The Sexist

Maxim Recognizes Female Comedians—As Sucking!

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While writing a preview of Paula Poundstone's upcoming D.C. stand-up gig for this week's newspaper (full disclosure: I was kinda into to Poundstone as a kid, during my cat phase) I stumbled upon Maxim's list of the "Worst Comedians of all Time." Of the 12 comics listed, six—Judy Tenuta, Kathy Griffin, Sandra Bernhard, Margaret Cho, Whoopi Goldberg, and Poundstone—are women. And I'm pretty sure it was deliberate.

First of all, all of these women are listed as less funny than Carlos Mencia, which we all know is impossible.

Second, Maxim rarely recognizes women as accomplishing anything other than being hot, so it's a bit suspicious that the one time the magazine takes note of women who are actually successful at their jobs, it's in the context of them sucking at them.

Third, why isn't Dane Cook on this list? I'm so on to you guys!

Fourth, while devoting half of the list to female comedians may appear to level the playing field—women are so successful at comedy now that we can point out when they're unsuccessful at comedy!—it's still much more difficult for women to be taken seriously in the comedy business. So when Maxim picks six unfunny men, they're picking from a pool of thousands of funny guys. When they pick six unfunny women, they're choosing from a pool of, like, seven. Essentially, Maxim took a list of successful female comedians and changing the name to "Worst Comedians Ever," because it's easy.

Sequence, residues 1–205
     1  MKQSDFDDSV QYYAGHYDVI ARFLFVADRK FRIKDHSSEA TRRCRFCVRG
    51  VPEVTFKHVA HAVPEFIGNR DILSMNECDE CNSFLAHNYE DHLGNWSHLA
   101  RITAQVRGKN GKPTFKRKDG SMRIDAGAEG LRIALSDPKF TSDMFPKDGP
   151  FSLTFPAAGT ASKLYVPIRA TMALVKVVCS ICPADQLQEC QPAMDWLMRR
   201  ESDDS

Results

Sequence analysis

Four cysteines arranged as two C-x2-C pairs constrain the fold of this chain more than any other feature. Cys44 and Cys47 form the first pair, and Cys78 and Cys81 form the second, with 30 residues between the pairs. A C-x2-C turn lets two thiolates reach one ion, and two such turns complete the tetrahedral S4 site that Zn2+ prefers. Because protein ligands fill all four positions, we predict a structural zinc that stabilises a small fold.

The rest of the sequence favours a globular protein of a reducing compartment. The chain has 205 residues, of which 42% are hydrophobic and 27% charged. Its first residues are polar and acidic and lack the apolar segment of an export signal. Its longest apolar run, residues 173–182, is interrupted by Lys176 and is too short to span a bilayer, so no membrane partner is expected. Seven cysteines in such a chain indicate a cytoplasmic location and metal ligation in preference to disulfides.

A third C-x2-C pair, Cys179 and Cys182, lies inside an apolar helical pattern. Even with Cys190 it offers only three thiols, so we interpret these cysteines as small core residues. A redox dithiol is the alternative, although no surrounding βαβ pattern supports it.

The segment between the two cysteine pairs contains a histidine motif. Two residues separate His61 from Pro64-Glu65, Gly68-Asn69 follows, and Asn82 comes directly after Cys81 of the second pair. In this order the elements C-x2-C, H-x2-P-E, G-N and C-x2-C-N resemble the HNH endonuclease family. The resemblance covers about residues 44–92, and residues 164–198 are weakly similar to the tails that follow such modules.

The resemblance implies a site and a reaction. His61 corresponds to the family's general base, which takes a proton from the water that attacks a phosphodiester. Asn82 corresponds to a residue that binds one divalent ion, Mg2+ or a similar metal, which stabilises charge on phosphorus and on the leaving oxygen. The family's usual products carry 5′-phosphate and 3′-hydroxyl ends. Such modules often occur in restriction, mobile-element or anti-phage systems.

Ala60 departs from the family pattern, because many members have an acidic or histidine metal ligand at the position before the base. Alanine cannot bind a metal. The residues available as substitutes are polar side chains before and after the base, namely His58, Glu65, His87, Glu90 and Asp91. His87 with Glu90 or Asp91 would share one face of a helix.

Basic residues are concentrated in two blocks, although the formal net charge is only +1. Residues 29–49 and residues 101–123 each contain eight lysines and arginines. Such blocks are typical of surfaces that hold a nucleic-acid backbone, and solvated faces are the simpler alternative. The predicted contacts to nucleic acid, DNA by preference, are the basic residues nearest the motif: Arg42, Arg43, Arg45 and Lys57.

Finally, while the men on Maxim's list are criticized for making careers out of one-note comedic shticks—Yakov Smirnoff does the "Communist" thing! Louie Anderson does the "fat" thing! Carlos Mencia does the "Mexican" thing!—the women on the list are basically all derided for doing the "woman" thing (also, for being ugly). But Mencia isn't not-funny because he's Mexican-American, Anderson isn't not-funny because he's fat, and if you think these women aren't funny, it's not because they're women. It's more likely that you don't find them funny because you are not a woman.

And that's why Dane Cook isn't on the list. Sure, he's not funny, but at least he's not-funny in a Regular White Dude Who Likes Chicks way, and not in a fat post-Communist Mexican woman way. The list, actually, is built entirely around the same terrible one-note jokes Maxim pretends to reject—Kathy Griffin isn't funny because she looks like a "gay man"! Sandra Bernhardt isn't funny because she's "ugly"! Margaret Cho isn't funny because she talks about Korean shit!—instead of the actual skill of the comedians. Just because Maxim readers aren't into jokes about tampons or whatever doesn't mean that the jokes suck. Similarly, targeting Maxim crowd—making jokes about getting drunk, sexin' hot chicks, and being a dick—can be pretty unfunny as well.